2. Frankly, the jury’s still out on what is exactly causing “Lyme disease,” and there are far more strains of borrelia involved than is being recognized and reported. We also know many patients are coinfected or infected with something other than Lyme, that a Lyme test will not pick up in a million years.
  3. The CDC recently increased the numbers of new cases of Lyme per year from 300,000 to 476,000.  This too is important and reveals the numbers keep growing yet nothing of relevance is being done yet the mythology surrounding it abounds.
  4. It is my belief they continue to push the ‘climate change’ label as a slight of hand to keep people from asking about tick experimentation and dropping ticks out of airplanes.  This experimentation was done in government, military labs, one was directly across water from where the Lyme, Connecticut “outbreak” occurred.  Coincidence? The lab has been moved to KU.
  5. I take issue with “typical signs of infection” including the rash, as research has shown that is highly variable.  
  6. While I’m glad they give Dr. Spector’s experience, we really have ZERO idea how many cardiac manifestations occur as testing is abysmal and doctors would prefer to diagnose you with anything but Lyme.  I guarantee you, hundreds if not thousands of people with heart issues are not getting properly diagnosed and treated.
  7. The same thing is true for Lyme neuroborreliosis supposedly occurring in only 15% of patients.  Every single patient I work with has it.  Many are not being diagnosed.  Remember, testing misses 70% of all cases.  How can you be diagnosed with something if the test says you aren’t infected?  I am elated they mention the psychiatric symptoms, as well as the fact 33% of late-stage patients were found to be suicidal, 41% of children had suicidal thoughts, with 11% making suicidal gestures.  THIS IS HUGE.  These issues have been denied and downplayed forever.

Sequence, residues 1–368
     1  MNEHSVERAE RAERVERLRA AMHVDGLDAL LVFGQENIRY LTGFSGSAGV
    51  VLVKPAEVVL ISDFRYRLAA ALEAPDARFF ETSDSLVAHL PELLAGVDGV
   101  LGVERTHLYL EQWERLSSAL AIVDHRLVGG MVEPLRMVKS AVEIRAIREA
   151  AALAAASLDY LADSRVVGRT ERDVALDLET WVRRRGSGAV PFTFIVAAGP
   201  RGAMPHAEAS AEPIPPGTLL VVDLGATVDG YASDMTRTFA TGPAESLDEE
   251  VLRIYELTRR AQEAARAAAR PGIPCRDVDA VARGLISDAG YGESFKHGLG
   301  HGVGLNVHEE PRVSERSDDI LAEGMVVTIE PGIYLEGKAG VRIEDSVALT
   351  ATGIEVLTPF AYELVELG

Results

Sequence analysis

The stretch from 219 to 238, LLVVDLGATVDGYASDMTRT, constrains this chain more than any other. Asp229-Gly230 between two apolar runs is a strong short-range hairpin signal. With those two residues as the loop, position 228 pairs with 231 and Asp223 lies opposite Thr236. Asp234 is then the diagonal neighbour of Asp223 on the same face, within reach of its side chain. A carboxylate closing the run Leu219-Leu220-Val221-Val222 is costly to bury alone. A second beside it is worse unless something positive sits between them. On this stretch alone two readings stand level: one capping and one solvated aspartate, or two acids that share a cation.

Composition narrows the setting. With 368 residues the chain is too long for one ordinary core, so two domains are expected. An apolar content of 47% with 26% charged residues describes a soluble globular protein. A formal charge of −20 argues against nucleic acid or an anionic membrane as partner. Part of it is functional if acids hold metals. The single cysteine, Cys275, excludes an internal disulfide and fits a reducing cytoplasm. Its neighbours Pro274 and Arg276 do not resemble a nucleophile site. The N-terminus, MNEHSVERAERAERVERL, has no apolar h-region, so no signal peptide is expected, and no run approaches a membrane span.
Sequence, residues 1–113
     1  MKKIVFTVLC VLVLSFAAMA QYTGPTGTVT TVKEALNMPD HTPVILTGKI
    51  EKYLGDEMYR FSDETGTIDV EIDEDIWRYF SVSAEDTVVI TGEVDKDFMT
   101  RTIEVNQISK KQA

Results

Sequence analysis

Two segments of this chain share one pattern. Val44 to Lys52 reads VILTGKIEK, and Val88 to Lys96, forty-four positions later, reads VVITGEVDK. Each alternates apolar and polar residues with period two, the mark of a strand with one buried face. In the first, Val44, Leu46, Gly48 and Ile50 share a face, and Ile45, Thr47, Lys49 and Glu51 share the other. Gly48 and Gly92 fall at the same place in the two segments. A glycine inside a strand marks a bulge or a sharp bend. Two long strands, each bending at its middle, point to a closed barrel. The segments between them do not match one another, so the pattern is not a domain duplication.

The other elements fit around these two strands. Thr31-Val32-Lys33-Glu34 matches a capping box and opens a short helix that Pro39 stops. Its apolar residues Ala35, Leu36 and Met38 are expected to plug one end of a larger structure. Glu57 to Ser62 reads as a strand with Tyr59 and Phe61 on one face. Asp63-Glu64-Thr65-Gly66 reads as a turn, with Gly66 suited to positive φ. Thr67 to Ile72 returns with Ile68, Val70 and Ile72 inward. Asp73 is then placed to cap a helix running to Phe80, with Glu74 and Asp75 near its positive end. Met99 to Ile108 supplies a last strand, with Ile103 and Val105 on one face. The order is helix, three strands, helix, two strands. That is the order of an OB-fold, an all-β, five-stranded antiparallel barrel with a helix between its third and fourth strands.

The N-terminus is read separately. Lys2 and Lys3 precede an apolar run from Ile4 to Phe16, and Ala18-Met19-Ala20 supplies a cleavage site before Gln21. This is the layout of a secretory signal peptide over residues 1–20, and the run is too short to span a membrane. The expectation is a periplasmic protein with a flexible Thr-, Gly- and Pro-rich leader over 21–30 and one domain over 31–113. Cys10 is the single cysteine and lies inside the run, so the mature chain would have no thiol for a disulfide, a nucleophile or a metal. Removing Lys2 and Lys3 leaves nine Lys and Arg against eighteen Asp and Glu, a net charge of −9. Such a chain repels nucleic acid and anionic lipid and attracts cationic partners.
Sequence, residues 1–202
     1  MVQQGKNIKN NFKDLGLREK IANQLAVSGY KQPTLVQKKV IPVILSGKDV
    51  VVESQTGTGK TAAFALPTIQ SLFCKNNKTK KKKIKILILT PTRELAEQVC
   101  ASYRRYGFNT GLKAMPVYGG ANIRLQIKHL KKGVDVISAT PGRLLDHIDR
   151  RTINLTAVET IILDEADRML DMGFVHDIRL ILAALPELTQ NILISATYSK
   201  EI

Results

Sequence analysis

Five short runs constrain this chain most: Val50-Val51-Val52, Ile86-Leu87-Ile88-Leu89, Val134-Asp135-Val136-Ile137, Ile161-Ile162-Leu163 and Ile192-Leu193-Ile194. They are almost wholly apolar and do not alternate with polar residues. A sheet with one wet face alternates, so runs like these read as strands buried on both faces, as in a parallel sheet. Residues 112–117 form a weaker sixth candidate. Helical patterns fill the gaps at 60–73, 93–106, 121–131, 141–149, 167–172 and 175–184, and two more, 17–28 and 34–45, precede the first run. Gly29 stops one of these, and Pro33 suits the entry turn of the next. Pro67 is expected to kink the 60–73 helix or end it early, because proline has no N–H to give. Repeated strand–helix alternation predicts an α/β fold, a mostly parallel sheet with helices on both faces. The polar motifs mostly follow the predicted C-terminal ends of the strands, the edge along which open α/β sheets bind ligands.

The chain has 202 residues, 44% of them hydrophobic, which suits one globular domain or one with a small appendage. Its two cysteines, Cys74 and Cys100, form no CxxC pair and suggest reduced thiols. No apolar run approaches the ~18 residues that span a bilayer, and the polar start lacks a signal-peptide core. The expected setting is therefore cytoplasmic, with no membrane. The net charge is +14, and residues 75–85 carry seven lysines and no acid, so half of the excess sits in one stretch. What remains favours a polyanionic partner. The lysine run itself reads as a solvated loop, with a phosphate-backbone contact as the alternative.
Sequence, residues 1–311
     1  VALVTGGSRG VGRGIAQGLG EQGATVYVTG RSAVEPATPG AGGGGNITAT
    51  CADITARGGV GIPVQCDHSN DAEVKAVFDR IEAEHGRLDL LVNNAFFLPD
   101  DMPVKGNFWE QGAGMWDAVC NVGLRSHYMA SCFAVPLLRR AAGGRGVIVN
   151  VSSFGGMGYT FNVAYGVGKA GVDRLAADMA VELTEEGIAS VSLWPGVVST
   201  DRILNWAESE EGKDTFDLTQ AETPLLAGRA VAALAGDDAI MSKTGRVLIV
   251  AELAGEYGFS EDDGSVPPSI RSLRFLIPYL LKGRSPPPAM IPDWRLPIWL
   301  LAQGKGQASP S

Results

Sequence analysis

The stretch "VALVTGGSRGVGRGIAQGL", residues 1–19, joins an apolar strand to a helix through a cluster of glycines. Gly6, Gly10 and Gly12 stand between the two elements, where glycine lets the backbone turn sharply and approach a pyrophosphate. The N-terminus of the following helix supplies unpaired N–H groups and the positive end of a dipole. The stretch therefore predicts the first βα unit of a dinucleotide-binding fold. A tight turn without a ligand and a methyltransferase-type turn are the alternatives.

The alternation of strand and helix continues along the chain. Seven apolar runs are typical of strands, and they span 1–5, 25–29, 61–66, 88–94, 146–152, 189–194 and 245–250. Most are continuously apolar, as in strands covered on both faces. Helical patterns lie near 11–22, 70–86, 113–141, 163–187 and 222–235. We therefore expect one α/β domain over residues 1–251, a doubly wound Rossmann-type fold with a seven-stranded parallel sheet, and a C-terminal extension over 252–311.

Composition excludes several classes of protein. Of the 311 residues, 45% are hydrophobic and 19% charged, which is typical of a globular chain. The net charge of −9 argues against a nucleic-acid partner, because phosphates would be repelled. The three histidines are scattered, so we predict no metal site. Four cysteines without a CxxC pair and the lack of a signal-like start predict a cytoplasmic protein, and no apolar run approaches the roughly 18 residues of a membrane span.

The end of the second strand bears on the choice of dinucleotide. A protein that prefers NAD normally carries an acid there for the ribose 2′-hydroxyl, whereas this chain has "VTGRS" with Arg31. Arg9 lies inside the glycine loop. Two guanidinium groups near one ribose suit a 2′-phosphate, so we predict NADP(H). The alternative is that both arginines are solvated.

8. This article’s acknowledgment of congenital Lyme will shock many, but it’s all true.  Even the author connects the similarities between syphilis and Lyme – something our public ‘authorities’ seem incapable of.
  9. The article states that in more than 50% of cases, Lyme is not cured by a single round of antibiotics.  How can we continue to spew numbers when testing misses at least 70% of people?  My guess is, this number is reality is much, much higher.
  10. The article continues the wrong statistic of 20% failing antibiotics and going onto suffer persistent symptoms.  This article, written by a microbiologist states that percentage is closer to 60%, and certainly is much closer to my experience as a patient advocate.
  11. Lastly, the statement that Lyme/MSIDS is only lethal in rare cases again is unfounded as few are getting diagnosed and treated.  You can’t count something that isn’t recognized.  I posted an article recently that addresses the problems with death certificates.  I guarantee you people are not obtaining certificates with Lyme/MSIDS as the cause of death.
Overall, a very balanced article – which is a nice change.  We must be careful when putting percentages to any of this as the problem is far worse than is being reported.
The military is in harm’s way – but so is the average person gardening in their own back yard.  Tick-borne illness isn’t going away and has been denied and downplayed for decades.  
Again – time for this to change.